The obtained data confirm that rhamnolipids altered the wetting state from oil-wet to water-wet. Figure 1 illustrates the effectiveness of the added rhamnolipids with different salt concentrations at a contact angle of 25 °C. It can be also seen from Figure 1 that the modification of the salt composition with affective ions such as SO42− caused a further reduction in the contact angle, with the contact angle reduced to 54.6°. The addition of rhamnolipids to modified seawater with three times SO42− converted the calcite surface to water-wet with a measured contact angle of 41.3°. Interestingly, the rhamnolipids had a small impact on the contact angle when the salt ions took part in a wettability alteration. This could be due to the rhamnolipids reaching the CMC, therefore no additional reduction was demonstrated in the obtained results.

3.1.2. Effect of Elevated Temperature on Bio-Surfactant Behaviour

In this section, the effect of temperature on the effectiveness of the bio-surfactant in changing the wetting state of the modified calcite was investigated. The temperature was increased during the washing process to simulate high temperature reservoirs, obtaining the results displayed in Figure 2. In general, it can be seen from Figure 2 that the increase in temperature has a negative impact on the contact angle measurements when the system remains oil-wet.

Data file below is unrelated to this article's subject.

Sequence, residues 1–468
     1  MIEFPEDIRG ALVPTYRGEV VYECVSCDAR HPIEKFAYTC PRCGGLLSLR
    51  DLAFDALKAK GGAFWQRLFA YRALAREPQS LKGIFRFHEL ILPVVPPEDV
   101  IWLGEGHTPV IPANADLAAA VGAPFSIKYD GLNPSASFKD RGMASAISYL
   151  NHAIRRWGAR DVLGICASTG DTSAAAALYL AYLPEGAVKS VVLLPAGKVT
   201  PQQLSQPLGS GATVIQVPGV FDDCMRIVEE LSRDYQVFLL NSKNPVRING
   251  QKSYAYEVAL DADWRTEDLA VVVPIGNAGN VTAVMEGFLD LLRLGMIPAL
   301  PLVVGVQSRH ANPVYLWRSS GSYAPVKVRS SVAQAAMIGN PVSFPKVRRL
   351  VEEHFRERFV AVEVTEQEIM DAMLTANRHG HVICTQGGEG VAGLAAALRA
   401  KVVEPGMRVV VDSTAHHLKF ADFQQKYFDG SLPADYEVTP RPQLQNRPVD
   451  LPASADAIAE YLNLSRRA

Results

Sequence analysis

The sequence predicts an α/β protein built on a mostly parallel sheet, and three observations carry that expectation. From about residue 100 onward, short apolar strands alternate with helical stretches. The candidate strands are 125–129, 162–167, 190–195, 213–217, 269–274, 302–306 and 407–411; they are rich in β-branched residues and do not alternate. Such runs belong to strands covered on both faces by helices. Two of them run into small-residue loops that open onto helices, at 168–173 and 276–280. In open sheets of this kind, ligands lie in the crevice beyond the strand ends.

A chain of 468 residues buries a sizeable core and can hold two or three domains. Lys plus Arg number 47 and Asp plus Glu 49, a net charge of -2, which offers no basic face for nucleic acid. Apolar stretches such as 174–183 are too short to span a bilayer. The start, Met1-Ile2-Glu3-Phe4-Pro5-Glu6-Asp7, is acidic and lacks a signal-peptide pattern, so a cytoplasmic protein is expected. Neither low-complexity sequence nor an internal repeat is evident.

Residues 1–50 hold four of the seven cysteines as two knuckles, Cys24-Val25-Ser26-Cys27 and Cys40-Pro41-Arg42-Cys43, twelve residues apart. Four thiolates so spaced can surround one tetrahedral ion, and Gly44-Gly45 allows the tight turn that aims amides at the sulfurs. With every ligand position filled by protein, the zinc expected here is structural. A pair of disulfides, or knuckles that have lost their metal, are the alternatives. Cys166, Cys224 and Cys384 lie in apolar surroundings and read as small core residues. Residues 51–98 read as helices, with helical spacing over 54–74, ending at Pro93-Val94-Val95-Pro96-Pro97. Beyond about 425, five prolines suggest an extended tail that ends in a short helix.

In detail, the observation of the washing process using distilled water at different temperatures showed that the contact angle measurement at 70 °C was negligible, as the measurement remained around 91.1° to 100.3°. However, distilled water mixed with bio-surfactant emphasised the additional effect on the wettability. Furthermore, other washing solutions showed a high contact angle measurement at 70 °C, which is inconsistent with the thermal recovery theory used in the tertiary method using external heat to raise the temperature and recover oil residuals. It has been stated that the thermal recovery temperature range can go above 350 °C [22]. Only increasing this to 70 °C in this experiment means that we cannot fully assume that a contact angle above 70 °C will result in a subsequent trend of the contact angle remaining oil-wet as the temperature increases.